Throughout his half a century career, Alfred Hitchcock had always resisted directing a sequel. He had become of the most respected filmmakers in cinema history and had been responsible for countless classics that had covered every conceivable genre, varying from the psychological (Vertigo) and the voyeuristic (Rear Window) to the action packed (North By Northwest) and the sadistic (Frenzy). But none had made the cultural impact that Psycho had when it was first unleashed in 1960. Despite disgusting many critics and confusing others, the film eventually gained momentum and was later considered by many to be his ultimate masterpiece. Psycho would also play a part in inspiring the slasher films of the seventies, particularly Black Christmas and Halloween, which themselves would help usher in the genre’s heyday of the early eighties.
Having spent the last two decades incarcerated in a mental institution, Norman Bates (Anthony Perkins) is finally released back into society. But Lila Loomis (Vera Miles), whose own sister had fallen victim to his murder spree, protests against the decision, producing a petition that had been signed by over seven hundred people, including families of some of those he had slain. Returning to his home, his sympathetic doctor, Bill Raymond (Robert Loggia), tries to reassure him that the past is behind him and introduces him to Warren Toomey (Dennis Franz), who had been running the Bates Motel in his absence. To help rehabilitate him back into the real world, the courts have secured a position for Norman as an assistant cook at a nearby diner, where he meets a beautiful-yet-troubled young woman called Mary (Meg Tilly).
As their shift comes to an end, Mary is left stranded after falling out with her boyfriend and so Norman offers for her to stay at his motel. But upon his return home, he discovers that Warren has been using the establishment for less respectable means and fires him, before suggesting that she should stay in his house instead. But whilst at work the following day, a note from ‘mother’ appears and Norman believes that it is Warren trying to get revenge, who has become abusive towards him in the diner. Soon afterwards, as Warren is gathering his belongings from the motel, he is murdered by a mysterious figure. The house seems to be full of strange sounds, which eventually lure Norman up into the attic, where he accidentally locks himself.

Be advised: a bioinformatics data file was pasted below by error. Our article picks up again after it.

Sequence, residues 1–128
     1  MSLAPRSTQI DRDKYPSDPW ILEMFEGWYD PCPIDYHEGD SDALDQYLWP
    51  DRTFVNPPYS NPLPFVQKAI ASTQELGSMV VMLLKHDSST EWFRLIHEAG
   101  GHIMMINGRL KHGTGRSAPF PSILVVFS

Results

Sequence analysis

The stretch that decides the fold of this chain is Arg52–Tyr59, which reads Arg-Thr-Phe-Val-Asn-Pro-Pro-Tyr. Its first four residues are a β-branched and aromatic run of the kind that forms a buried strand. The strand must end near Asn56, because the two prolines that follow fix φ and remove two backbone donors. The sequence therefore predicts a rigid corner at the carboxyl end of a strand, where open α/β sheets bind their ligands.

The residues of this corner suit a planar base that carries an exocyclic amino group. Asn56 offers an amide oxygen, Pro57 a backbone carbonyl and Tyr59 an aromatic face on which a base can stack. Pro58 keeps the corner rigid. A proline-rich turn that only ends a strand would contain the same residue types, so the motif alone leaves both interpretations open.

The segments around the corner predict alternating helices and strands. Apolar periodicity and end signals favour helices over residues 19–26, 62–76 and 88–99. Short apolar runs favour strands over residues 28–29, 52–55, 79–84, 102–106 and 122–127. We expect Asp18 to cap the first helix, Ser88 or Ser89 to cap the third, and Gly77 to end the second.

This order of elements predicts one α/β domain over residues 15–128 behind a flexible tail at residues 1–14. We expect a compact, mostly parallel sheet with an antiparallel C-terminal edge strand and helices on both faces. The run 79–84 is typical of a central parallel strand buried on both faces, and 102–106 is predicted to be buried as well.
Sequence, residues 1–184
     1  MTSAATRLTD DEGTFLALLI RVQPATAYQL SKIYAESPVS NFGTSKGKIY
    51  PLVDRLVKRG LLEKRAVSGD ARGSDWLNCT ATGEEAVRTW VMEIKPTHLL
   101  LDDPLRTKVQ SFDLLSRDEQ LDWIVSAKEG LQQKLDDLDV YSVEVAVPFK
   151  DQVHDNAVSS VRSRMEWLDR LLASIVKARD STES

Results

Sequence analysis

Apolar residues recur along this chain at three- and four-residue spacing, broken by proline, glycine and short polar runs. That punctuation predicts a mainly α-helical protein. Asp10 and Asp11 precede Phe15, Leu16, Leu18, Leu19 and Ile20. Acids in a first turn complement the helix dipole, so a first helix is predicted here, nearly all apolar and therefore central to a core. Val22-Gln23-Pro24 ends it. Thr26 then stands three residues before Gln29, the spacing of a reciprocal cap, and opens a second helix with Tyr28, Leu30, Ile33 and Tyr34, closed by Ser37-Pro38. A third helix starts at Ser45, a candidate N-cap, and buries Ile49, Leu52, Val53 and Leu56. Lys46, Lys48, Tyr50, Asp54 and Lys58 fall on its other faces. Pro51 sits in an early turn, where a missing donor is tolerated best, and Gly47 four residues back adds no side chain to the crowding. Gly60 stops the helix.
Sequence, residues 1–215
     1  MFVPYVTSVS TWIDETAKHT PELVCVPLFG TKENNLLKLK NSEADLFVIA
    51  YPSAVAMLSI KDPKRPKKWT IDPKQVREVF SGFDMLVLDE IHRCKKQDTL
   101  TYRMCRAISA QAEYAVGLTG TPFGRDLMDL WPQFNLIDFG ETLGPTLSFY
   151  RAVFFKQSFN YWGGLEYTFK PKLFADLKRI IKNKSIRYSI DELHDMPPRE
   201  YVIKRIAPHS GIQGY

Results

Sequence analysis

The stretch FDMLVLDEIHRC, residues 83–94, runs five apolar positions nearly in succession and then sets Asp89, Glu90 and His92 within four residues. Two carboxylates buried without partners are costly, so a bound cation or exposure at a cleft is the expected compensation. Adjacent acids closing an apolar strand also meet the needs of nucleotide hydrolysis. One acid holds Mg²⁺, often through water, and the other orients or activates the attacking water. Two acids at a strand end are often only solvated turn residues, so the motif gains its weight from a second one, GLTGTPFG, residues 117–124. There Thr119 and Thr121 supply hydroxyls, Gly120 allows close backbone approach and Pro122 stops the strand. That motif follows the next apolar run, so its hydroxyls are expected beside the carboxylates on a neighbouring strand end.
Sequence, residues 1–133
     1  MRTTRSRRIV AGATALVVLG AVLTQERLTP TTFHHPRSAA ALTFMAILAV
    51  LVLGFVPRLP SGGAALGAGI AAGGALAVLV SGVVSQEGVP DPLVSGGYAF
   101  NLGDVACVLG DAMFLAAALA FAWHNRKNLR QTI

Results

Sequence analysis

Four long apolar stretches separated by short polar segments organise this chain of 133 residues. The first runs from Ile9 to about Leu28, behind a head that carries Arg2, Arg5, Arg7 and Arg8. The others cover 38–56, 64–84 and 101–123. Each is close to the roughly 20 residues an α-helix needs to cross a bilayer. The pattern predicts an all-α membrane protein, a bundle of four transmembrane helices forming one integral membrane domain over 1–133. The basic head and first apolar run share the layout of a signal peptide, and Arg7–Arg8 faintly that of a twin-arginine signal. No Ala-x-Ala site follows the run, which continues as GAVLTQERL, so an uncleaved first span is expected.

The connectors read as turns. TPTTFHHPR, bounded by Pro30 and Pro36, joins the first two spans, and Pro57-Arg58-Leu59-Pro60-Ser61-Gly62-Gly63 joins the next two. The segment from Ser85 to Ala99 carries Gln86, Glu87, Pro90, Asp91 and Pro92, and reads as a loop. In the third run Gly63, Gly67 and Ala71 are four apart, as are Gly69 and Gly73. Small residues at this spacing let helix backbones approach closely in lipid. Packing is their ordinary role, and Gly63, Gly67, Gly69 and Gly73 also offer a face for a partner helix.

A teenage couple sneak into the house to make out in the cellar, but the figure makes another appearance, brutally stabbing the boy, which allows the girl enough time to escape. She returns with the sheriff (Hugh Gillin), shortly after Mary finds Norman trapped in the attic. The sheriff arrives and searches the cellar for the body of the boy but finds no evidence. Norman begins to feel that he is losing a grip on his sanity and begins to suspect himself of being the killer, but Mary tries to reassure him that he is cured and was unable to have attacked the boy. Searching the house, they find bloodied rags in the bathroom, but as Mary explores elsewhere she comes face to face with Lila, who is really her mother and has sent her into the house to spy on him. Lila’s motives soon become clear, that he intends on driving Norman insane once again so he will be committed for good.
One aspect that lends the film some authenticity is that Psycho was not only set twenty-two years after Hitchcock’s classic but was also produced in 1982, over two decades after the release of the original movie (released in 1960). When news of a sequel was first announced, critics and fans were understandably reluctant to accept a new film. Very few filmmakers had been able to match Hitchcock for not only his style but also storytelling, and so a sequel was guaranteed to disappoint. But, whilst director Richard Franklin lacked the experience of recognition of his predecessor, he managed to exceed all expectations by delivering a movie that not only managed to create a certain degree of suspense and tension but also believable and sympathetic characters.
Tom Holland, who would later gain acclaim as a director in his own right with the cult classics Fright Night and Child’s Play, wrote a screenplay that wisely avoided unnecessary gore or nudity and instead focused on the relationship between the central characters, particularly Norman and Mary. Perkins once again dominated as the complex protagonist/antagonist, who manages to demand a certain amount of sympathy as the almost-vulnerable Norman. Tilly also gives an impressive turn, lending a certain human aspect to the story that allows Perkins to flesh his character out even more. Miles makes a return to the role she had played in the original, although this time she is bitter and vengeful due to her sister (who perished in the iconic shower scene) being murdered years earlier. If Psycho 2 has a flaw it is that it is not Psycho. But it is a worthy successor and continues Norman’s story in a way in which Hitchcock would have been proud. A shame the same could not have been said for the sequel that followed.